We have a strange phenomenon. One morning, I saw something out of the corner of my eye and turned to see a strange-looking squirrel on my back deck. I had never seen anything like it. Immediately, I thought it was albino due to the light color. I grabbed my camera and went outside and followed it. I stared hard at it. What on earth? It’s not albino. It has color to it’s fur. Albino means no pigment, there is still pigment here. It’s like a diluted colored regular Eastern Squirrel. As I was taking pictures with my long lens, I realized that it had pink eyes… I guess it is albino?
I looked it up on Google and I only found references of albino squirrels (white with pink eyes) white squirrels with dark eyes (a separate gene from albinos as they don’t have pink eyes), black squirrels, blonde squirrels (with dark eyes), but no blonde squirrel with pink eyes.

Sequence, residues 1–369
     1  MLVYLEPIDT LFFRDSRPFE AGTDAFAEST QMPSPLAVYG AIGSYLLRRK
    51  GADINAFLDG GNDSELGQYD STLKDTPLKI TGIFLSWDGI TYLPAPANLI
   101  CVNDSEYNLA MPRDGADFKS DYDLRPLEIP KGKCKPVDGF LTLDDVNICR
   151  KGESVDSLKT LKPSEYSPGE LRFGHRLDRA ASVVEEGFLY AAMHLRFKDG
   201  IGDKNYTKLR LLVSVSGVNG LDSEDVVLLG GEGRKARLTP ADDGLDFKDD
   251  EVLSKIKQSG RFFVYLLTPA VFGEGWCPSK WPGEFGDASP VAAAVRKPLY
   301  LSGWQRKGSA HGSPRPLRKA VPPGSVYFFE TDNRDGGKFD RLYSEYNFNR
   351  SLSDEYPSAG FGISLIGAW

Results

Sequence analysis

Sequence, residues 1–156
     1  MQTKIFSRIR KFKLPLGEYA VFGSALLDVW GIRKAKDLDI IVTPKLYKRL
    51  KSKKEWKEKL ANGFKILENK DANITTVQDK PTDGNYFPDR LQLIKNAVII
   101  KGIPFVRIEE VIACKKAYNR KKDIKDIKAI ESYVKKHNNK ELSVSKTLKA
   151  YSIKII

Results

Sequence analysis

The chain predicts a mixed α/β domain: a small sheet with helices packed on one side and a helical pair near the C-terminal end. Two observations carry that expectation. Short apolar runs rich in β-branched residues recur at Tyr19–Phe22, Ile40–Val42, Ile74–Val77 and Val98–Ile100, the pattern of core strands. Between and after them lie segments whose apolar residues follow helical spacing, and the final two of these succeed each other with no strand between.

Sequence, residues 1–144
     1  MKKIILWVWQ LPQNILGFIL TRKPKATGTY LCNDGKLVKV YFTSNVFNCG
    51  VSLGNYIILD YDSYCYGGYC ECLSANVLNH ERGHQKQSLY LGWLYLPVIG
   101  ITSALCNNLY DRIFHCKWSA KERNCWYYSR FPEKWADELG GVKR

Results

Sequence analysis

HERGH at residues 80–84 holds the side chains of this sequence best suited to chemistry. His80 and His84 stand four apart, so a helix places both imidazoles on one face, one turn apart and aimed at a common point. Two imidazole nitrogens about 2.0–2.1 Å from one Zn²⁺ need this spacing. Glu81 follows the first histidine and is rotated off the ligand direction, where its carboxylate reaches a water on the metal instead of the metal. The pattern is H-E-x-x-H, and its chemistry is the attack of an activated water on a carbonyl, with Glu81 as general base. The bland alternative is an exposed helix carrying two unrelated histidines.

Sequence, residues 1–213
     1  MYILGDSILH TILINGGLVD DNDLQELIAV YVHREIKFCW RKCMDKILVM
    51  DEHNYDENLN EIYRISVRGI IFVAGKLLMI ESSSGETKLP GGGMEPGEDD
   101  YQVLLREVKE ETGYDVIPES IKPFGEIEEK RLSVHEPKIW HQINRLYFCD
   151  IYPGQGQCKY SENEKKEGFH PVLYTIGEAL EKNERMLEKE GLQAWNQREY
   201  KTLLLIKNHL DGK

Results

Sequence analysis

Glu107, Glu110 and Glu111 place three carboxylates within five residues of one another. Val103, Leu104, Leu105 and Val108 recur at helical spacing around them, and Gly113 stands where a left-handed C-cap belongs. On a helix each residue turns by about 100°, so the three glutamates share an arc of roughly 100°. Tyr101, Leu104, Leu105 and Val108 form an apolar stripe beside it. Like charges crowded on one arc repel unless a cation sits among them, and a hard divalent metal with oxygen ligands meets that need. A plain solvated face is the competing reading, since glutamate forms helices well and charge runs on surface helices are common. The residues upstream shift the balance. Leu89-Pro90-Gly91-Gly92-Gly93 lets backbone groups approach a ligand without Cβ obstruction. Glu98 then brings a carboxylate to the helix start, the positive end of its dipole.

Well, this is different.
My daughter, the biochemistry major and rabbit gene expert, is fascinated and has done her own research. She has compared the genes in similar animals – here’s an Instagram post…. because she explains better than I do (yes, this is indeed how she talks – both of my offspring tend to hyperfocus in certain areas and become experts about certain things just because they love to research their interests).
So now it is getting close to the time where baby squirrels will be born and we are anxious to see if any more blonde squirrels show up. Erynn is afraid it is a recessive trait and unless another squirrel has the gene, it may not show up. Oh and as of now, from what we can see, it appears this blonde squirrel is a female.
I see her every day. She lives in our tree line out back with quite a few other normal gray squirrels. She is easy to spot because she practically glows in the trees, so we worry about her being easy prey to predators.
She was back up on my deck today so I finally got a closeup. I think she’s just beautiful!